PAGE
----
This is the third in a series of interviews with people who work in the coffee industry. Going forward, I’ll be posting an interview with someone in the coffee world once a month. I like learning how people ended up working in this business, and this gives me an excuse to ask all the questions I want. 🙂 If there is something you’ve always wanted to know about the world of coffee, post your questions in the comments or email me at firstname.lastname@example.org, and I’ll do everything I can to get you the answer.
Q&A with Greg Thomas of Trystero Coffee
Last week, I interviewed the very cool and awesome Greg Thomas, founder of Trystero Coffee, a small specialty coffee roaster that has been around since 2009 (or as the website says “Serving paranoid conspiracy theorists since 2009.” More on that at the bottom of this post.) Trystero has a sort of pop-up coffee shop out of a garage in Atwater Village, where Greg serves coffee and sells beans (pre-orders strongly recommended as beans sell out) on most Wednesdays from 10 a.m.-1 p.m. and also on some Sundays. Check trysterocoffee.com before heading over as the hours are subject to change from week to week.
Q: When did you first discover really good coffee?
A: April 2009, when we were in SF to see Throbbing Gristle, at the Ferry Building farmers market. While I was there, I had my first really good cappuccino. So April 2009 I really caught the coffee bug, and then it was after Christmas 2009 that I started roasting coffee at home. Then in 2011, I started roasting on a commercial roaster the day after Thanksgiving.
Q: How did you end up starting Trystero Coffee?
A: I was working at NBC in the IT department when I first started roasting as side business in 2009. My NBC job was really a 24/7 job because I was mostly supporting the news station(s), and I was starting to get pretty burned out. Thanks to some really great and supportive friends, Trystero had some really good publicity early on, and that was really what made it an option to make it a full-time business in May 2014.
Q: Your roasts tend to be lighter. Did you always like the lighter roast coffees?
A: I started off roasting darker roasts, and because I first learned to roast from the Diedrich manual, my roasts were darker and longer than my current roasts because that is their way. After spending time on some coffee roasting forums other roasters encouraged me to try shorter and lighter roasts, especially on my favorite washed Ethiopian beans, so I went from ~17 minute roasts down to ~11:30 minute roasts and also to a lower final temperature.
Q: What are some of your favorite places to get coffee outside of Los Angeles?
A: In San Francisco, I really like Stanza Coffee. In Portland, Heart is my favorite. Actually Heart has been my inspiration for my roasting style. I really am impressed with their roasting philosophy.
Q: Where do you plan to go on your next vacation?
A: Well, it’s been a while since my last real vacation, which I took to Barcelona right after I quit my job in 2014. But I am actually going away for a long weekend to the Wonder Valley Experimental Festival in Joshua Tree. The festival is hosted by this crazy bar, The Palms, and artists and desert dwellers and bikers come to the festival to listen to experimental music and drink beer and camp. It’s a cool experience.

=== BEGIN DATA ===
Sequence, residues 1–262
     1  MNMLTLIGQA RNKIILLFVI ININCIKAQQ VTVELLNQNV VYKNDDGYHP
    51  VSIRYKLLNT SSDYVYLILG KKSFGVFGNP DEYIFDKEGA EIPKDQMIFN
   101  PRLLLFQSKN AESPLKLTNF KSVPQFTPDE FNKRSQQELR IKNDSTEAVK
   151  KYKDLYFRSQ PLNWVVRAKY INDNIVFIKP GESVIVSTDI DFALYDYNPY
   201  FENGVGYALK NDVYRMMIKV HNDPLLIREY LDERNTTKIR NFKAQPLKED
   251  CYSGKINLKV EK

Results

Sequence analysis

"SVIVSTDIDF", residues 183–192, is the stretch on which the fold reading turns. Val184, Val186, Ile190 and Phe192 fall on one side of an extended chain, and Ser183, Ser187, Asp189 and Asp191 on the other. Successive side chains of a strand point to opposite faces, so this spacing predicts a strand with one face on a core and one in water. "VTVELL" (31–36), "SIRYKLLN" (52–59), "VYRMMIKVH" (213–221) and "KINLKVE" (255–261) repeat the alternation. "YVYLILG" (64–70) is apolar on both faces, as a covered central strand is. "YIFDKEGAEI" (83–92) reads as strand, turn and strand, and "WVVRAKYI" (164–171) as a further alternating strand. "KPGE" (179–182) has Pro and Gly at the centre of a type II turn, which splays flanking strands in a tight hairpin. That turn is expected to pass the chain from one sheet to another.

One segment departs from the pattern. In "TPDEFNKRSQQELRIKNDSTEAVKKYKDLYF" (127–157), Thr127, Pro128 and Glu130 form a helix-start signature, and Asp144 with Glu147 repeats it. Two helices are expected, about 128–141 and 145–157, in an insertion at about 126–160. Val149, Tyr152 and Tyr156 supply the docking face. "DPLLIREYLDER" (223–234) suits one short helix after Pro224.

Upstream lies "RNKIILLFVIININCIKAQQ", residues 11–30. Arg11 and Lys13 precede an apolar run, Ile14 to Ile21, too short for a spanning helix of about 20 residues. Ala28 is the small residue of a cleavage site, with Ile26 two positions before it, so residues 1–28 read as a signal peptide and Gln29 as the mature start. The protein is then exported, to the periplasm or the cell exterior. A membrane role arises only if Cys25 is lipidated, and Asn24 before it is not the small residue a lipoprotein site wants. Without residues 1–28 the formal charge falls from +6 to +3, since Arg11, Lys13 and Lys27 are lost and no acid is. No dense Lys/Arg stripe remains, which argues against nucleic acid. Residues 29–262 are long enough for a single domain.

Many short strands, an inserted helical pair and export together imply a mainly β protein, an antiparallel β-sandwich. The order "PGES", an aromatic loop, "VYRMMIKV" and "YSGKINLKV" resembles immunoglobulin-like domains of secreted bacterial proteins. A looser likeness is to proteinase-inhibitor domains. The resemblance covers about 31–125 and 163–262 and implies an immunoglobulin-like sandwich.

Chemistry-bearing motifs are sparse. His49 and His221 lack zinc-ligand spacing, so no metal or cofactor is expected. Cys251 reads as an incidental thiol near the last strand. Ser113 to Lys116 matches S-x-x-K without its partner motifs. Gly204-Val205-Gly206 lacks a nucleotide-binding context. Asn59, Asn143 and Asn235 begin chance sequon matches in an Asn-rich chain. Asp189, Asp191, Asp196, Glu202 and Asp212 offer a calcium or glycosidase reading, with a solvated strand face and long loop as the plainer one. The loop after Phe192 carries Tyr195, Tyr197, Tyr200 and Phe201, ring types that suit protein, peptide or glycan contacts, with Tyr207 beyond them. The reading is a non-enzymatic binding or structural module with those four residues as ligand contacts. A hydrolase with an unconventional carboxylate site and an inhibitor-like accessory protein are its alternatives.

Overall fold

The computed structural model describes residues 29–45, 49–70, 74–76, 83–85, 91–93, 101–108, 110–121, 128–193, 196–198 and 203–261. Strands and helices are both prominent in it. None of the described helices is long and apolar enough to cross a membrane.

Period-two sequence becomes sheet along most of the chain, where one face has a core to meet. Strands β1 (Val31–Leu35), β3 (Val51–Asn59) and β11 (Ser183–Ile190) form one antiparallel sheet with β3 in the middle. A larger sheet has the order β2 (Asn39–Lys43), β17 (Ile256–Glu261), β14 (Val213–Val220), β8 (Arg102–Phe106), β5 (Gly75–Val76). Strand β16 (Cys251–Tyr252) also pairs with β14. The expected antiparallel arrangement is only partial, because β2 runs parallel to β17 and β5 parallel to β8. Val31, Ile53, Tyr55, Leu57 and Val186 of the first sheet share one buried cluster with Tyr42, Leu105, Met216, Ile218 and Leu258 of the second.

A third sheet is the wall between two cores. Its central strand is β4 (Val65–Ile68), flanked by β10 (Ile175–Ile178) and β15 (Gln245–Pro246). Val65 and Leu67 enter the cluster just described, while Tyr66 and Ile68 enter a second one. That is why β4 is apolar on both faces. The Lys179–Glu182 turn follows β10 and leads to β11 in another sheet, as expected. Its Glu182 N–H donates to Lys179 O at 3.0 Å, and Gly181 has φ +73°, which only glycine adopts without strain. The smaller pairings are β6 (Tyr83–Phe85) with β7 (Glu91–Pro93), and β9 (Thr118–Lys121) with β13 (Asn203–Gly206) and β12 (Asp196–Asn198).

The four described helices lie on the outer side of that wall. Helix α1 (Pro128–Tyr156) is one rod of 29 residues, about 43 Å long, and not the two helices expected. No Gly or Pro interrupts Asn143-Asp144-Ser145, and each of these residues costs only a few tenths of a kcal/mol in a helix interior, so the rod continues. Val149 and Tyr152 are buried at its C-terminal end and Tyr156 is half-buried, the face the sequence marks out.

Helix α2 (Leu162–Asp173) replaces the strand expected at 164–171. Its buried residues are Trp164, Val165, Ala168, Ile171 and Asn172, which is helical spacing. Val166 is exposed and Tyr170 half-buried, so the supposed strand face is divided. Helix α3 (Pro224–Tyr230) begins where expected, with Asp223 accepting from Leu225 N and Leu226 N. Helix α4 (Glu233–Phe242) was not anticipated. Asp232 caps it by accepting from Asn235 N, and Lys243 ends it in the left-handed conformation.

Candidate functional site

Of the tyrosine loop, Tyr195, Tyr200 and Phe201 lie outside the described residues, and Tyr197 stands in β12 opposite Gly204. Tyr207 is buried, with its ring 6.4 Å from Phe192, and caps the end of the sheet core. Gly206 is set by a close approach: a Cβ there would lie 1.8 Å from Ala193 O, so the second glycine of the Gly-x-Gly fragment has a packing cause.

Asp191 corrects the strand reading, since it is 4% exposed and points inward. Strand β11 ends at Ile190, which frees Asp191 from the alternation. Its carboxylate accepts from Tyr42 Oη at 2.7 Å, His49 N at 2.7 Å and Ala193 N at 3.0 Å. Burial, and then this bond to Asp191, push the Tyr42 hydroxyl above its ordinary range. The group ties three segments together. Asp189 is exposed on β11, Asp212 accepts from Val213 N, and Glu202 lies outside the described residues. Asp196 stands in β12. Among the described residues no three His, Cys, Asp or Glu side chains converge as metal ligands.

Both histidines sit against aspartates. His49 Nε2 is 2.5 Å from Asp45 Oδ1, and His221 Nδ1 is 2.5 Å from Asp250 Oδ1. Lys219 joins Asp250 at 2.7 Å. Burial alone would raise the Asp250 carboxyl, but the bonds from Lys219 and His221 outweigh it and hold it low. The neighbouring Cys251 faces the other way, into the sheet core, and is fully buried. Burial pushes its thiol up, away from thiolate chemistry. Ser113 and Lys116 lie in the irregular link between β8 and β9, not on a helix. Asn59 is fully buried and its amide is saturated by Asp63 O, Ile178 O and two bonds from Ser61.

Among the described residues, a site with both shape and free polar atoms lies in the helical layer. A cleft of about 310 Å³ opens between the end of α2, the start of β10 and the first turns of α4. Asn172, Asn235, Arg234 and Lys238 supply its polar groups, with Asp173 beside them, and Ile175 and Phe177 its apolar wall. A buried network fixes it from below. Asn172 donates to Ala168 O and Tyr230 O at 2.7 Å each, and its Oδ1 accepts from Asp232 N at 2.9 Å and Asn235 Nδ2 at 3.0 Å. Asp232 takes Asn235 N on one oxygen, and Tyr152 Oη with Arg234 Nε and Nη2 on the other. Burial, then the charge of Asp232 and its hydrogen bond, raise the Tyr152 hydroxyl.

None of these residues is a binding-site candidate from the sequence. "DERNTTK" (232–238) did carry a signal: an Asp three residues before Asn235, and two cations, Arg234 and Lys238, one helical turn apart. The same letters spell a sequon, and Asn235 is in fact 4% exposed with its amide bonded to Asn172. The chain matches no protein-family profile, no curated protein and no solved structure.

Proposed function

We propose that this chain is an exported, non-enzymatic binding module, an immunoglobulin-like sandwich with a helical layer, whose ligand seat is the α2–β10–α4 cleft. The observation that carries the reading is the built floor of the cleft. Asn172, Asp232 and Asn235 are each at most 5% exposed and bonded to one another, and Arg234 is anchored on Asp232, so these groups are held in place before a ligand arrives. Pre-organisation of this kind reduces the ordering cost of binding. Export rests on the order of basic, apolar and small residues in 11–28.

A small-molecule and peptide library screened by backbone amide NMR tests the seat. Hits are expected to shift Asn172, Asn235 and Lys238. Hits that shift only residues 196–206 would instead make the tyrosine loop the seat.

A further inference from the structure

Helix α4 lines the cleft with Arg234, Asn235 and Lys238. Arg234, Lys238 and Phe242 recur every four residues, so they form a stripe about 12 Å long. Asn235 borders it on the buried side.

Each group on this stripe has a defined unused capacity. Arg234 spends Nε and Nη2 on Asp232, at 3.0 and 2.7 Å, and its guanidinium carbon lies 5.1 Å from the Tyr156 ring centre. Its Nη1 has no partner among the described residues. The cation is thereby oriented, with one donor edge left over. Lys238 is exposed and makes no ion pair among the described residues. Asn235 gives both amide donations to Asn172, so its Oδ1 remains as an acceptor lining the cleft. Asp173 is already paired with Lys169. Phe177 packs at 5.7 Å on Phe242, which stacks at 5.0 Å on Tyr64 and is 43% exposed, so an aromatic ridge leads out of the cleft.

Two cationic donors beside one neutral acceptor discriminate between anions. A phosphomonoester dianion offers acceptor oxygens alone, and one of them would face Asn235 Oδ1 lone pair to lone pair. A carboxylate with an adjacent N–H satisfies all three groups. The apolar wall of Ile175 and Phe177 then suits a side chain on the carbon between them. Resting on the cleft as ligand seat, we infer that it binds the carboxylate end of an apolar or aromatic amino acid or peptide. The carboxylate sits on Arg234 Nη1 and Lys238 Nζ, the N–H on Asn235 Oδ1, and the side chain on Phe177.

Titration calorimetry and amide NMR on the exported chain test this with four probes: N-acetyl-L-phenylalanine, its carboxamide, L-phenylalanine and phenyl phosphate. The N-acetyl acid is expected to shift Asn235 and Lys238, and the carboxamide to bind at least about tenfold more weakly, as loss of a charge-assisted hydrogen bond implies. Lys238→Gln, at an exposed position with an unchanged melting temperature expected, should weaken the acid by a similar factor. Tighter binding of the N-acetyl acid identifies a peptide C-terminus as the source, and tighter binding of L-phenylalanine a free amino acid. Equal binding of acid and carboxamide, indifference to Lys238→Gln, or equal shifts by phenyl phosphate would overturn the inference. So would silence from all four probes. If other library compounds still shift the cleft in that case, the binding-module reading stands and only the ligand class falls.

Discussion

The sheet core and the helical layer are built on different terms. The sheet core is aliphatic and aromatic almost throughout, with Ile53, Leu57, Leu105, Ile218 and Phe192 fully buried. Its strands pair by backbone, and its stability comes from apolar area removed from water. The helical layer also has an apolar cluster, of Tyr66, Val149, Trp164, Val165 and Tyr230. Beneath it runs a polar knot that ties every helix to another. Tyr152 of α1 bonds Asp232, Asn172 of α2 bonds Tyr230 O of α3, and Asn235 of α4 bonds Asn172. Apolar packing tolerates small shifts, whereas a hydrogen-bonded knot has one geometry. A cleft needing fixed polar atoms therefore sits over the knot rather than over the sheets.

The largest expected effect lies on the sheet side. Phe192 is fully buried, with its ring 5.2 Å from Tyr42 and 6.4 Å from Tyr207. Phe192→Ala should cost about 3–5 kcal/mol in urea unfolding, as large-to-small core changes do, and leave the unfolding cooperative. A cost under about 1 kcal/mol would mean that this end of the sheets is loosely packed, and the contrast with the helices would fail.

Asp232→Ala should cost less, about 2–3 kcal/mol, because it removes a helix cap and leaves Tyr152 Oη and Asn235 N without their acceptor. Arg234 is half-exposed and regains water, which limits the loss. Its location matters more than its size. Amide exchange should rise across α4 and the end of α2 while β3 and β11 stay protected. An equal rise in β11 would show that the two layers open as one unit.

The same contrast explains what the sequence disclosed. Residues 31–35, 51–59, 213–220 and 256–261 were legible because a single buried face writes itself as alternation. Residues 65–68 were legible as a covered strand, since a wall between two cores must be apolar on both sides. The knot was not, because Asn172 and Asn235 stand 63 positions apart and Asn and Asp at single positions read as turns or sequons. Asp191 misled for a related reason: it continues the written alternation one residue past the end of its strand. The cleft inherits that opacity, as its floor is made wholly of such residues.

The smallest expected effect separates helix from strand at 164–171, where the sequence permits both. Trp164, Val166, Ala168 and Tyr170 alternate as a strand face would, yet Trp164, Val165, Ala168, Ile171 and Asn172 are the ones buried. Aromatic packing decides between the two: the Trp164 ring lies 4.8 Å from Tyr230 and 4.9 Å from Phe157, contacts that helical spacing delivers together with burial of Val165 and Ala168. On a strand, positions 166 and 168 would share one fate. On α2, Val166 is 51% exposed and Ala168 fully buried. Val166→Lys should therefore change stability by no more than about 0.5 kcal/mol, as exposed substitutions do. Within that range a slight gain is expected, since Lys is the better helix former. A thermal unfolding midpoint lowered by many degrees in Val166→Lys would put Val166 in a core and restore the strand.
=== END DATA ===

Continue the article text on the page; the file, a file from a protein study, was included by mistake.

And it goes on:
Q: Any coffee places you are looking forward to visiting on that trip?
A: I always go to Joshua Tree Coffee Company when I am out there. Everyone there is really great.
Q: How do take your coffee?
A: If it is drip, I take it black. If it is an espresso drink, it’s cappuccino with whole milk.
Q: What is your favorite thing to eat with your coffee?
A: I usually have coffee when I am first waking up, and I am never hungry, so I guess I don’t really eat when I am drinking coffee.
Q: What is one item of clothing you love?
A: My cut-off shorts. I wear them until they can’t be worn any longer, and then I take them to get fixed so I can keep on wearing them. Definitely it’s the cut-off shorts.
Q: What do you think is the one thing that you feel has had the biggest impact on your success?
A: I would have to say it is that I have a great group of extremely supportive friends. So much of the success of this business has been in some way a result of the efforts of my friends, who know and trust the quality of my product and who want to see me do well.
Q: What is the significance of the horn in the Trystero logo?
A: The logo is a muted post horn which is the symbol for the Trystero in Thomas Pynchon’s The Crying of Lot 49. The Trystero is a fictional postal service created by Pynchon to do battle with the original first real postal service in Europe, Thurn und Taxis. The logo for Thurn und Taxis is just the post horn and is still seen on mailboxes to this day, especially in Europe. Actually one of my customers in Los Feliz has a horn on his mailbox, the only one I’ve seen locally.
Since Trystero was created to “mute” out Thurn und Taxis in the book Pynchon added a mute to their logo. And in the book the Trystero still exists in modern times and if you paint the logo on a trash can it turns it into a Trystero mailbox. You address your email, drop it in the trash can, and a mysterious Trystero scoops it up in the middle of the night.
Many times when The Crying of Lot 49 is read in lit classes the logo starts popping up everywhere. Some day I’ll do a bicycle event based around finding as many muted post horns in a neighborhood as possible. And maybe throw in some Thurn und Taxis agents to sabotage people’s efforts.
City-dweller, designer, writer and lifestyle consultant practicing the art of living well in the 21st Century. Fixated with good coffee, great design, and any little thing that makes life better.
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